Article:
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About Forestry in Northern European countries

Copyright: Metla / Erkki Oksanen The Nordic countries Finland, Norway and Sweden, are among the most important producers of forests and forest products in the world. Denmark and Iceland are in the process of intensive reforestation of their land area and where Denmark now have an important outcome from their forestry. The forestry in the Nordic countries has been based upon the principle of sustainable management - reforestation followed by harvesting. This management is based on forest research of high international quality and recognition. Mostly, the countries have boreal conifer forests, but Denmark and the southern parts of Sweden have some temperate, mixed forests.

Denmark was naturally covered with forest, but around 4000 BC, areas were gradually cultivated for agriculture and the original forests steadily were cut back. By the beginning of 1800, the forest area only covered 2-3% of the total land area. In 1805 the Forest Reserve Regulation was introduced and all forests were declared "forest reserve". Grazing by domestic animals in forests was prohibited and reforestation after harvesting became compulsory. Since then the forest area has increased steadily. Today, forest area covers 11% of total area in Denmark. Forests smaller than two hectares make up 35% of the Danish forest estates, but they only make up 2% of the forest area. 70% of the forest area is privately owned. The development shows that the number of forest estates larger than 20 hectares and smaller than 250 hectares has increased.
Danish forest research in brief in News and Views from Scandinavian Journal of Forest Research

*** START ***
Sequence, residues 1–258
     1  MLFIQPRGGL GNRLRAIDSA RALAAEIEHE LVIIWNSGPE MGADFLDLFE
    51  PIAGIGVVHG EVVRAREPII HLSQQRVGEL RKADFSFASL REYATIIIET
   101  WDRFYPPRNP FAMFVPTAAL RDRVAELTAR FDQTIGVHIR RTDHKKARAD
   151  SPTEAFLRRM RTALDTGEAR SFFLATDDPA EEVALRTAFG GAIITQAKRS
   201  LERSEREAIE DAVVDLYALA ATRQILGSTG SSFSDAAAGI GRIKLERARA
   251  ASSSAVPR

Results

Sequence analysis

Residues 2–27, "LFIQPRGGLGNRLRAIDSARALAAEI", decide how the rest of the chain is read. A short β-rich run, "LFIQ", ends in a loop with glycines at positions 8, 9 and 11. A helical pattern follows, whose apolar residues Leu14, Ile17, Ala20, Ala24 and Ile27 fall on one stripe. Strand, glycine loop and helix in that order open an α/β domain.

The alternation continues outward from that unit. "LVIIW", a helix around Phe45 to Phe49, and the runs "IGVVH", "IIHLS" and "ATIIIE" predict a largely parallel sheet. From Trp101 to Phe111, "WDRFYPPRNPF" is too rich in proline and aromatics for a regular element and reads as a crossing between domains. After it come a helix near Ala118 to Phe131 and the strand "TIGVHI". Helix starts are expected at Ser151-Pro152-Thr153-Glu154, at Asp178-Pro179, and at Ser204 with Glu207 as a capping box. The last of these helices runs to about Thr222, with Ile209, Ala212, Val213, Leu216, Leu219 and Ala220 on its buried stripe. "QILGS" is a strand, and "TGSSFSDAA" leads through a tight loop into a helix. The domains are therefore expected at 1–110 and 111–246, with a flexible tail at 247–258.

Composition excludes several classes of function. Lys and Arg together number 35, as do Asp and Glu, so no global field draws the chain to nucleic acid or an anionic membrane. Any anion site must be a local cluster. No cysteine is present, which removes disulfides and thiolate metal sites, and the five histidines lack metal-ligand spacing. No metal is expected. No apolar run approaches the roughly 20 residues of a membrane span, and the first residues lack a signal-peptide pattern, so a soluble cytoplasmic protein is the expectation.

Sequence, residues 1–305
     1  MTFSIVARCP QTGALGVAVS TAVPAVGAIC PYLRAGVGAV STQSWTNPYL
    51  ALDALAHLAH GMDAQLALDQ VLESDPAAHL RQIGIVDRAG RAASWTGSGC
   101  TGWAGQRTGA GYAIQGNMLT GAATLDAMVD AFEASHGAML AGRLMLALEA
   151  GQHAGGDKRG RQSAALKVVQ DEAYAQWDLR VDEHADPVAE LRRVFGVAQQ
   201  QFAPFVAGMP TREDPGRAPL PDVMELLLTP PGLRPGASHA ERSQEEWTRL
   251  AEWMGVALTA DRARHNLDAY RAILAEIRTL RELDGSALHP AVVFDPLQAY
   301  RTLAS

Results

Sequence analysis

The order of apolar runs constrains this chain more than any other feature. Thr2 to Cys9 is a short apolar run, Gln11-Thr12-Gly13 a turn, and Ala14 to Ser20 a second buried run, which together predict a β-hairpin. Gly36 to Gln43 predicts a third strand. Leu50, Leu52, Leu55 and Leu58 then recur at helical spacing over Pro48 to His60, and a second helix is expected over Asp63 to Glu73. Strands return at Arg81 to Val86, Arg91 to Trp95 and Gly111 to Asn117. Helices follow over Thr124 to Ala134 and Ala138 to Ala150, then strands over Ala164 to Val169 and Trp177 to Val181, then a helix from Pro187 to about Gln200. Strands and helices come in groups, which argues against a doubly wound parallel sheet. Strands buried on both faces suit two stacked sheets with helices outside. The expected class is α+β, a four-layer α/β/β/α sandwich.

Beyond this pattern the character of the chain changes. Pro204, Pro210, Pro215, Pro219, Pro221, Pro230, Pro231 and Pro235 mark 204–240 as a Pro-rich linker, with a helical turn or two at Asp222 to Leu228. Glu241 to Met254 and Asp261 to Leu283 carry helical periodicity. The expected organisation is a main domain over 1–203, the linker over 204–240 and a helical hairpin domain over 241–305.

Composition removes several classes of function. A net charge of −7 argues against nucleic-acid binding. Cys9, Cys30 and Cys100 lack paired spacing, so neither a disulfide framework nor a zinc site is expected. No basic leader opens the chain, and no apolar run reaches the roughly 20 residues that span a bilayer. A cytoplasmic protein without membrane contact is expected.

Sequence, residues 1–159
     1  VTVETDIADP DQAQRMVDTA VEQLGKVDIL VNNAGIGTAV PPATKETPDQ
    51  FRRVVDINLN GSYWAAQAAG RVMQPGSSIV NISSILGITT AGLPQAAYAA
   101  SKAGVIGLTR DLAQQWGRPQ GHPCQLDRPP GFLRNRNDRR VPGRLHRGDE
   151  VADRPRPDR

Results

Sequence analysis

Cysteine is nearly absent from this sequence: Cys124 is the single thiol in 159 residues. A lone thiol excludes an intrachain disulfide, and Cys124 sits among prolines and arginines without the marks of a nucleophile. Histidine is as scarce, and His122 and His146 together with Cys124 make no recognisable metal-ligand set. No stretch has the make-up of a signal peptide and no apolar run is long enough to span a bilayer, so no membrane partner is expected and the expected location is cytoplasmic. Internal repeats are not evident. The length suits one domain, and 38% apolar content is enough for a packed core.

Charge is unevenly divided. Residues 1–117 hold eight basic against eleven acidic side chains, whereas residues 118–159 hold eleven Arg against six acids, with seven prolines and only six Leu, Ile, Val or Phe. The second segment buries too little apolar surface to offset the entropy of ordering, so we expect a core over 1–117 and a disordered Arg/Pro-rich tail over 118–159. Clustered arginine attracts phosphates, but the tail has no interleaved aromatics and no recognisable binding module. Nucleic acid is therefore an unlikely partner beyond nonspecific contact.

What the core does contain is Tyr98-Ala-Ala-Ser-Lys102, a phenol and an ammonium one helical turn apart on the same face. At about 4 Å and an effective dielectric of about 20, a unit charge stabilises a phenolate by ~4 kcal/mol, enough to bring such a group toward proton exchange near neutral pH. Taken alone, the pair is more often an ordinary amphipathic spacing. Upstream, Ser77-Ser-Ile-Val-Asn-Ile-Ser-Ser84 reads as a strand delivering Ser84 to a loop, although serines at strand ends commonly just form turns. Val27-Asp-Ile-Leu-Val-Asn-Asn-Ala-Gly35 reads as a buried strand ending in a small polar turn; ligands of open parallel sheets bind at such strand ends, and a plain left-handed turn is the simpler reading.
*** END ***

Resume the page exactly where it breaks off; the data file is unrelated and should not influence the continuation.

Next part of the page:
The total area of forest land is 2.27 (±0.05) million ha, i.e. 51.9% of the area of Estonia. The percent of forested are has been on the increase during last fifty years, especially during last decade, due to the forestation of natural grasslands. 37.1% of all forest land is under the management of the State Forest Management Centre, 25.8% of the forest area is under protection. The volume of growing stock on forest land is 451 million cubic metres and is showing a trend to increase as well. Pine stands have the largest area and growing stock (710 thousand ha and 151 million m3) while birch stands take the second place (707 thousand ha and 118 million m3).
Estonian forest research in brief in News and Views from Scandinavian Journal of Forest Research

78% of the land area is forest area. During the last 70 years, the structure of Finnish forests has changed significantly. They have now a more even-aged structure. Scotch pine is the most common tree species with 45% of growing stock. 62% of the forest area is owned by private, non-industrial owners and 8% by private industry. The state owns 25% of the forest area. Finland is among the major suppliers of forest-related products to the world markets, particularly in printing and writing paper.
Finnish forest research in brief in News and Views from Scandinavian Journal of Forest Research


Icelandic forest research in brief in News and Views from Scandinavian Journal of Forest Research

At the turn of the century Ireland's forested land totaled 52,000 ha, < 1% of the countries land cover. State forestry began in 1903 and acquisition and planting of land followed. In 2006 Ireland's total forest estate stood at 700,000 ha; this represents approximately 10% of its land cover. The largest forest owner in Ireland is Coillte Teoranta, a semi-state commercial forest company. It owns over 445,000ha, of which 351,671 ha are classified as productive forests. (This is almost 56% of all forests in Ireland today). In 2002, 42% (or 282,970 ha) of Irish forests were in private ownership. There are over 17,000 private forest owners and the average size of their forest holdings is 10ha. In the region of 75% of the national forest is predominantly conifer, comprised mainly of commercial timber species, but this also includes some native species such as Yew and Scots Pine. The remaining 25% of the forest estate is predominantly broadleaf and mixed forest, of which approximately half is comprised of native broadleaf species such as Oak, Ash, Birch, Hazel and Alder. Of the total area being planted each year, 30% is now accounted for by broadleaf species.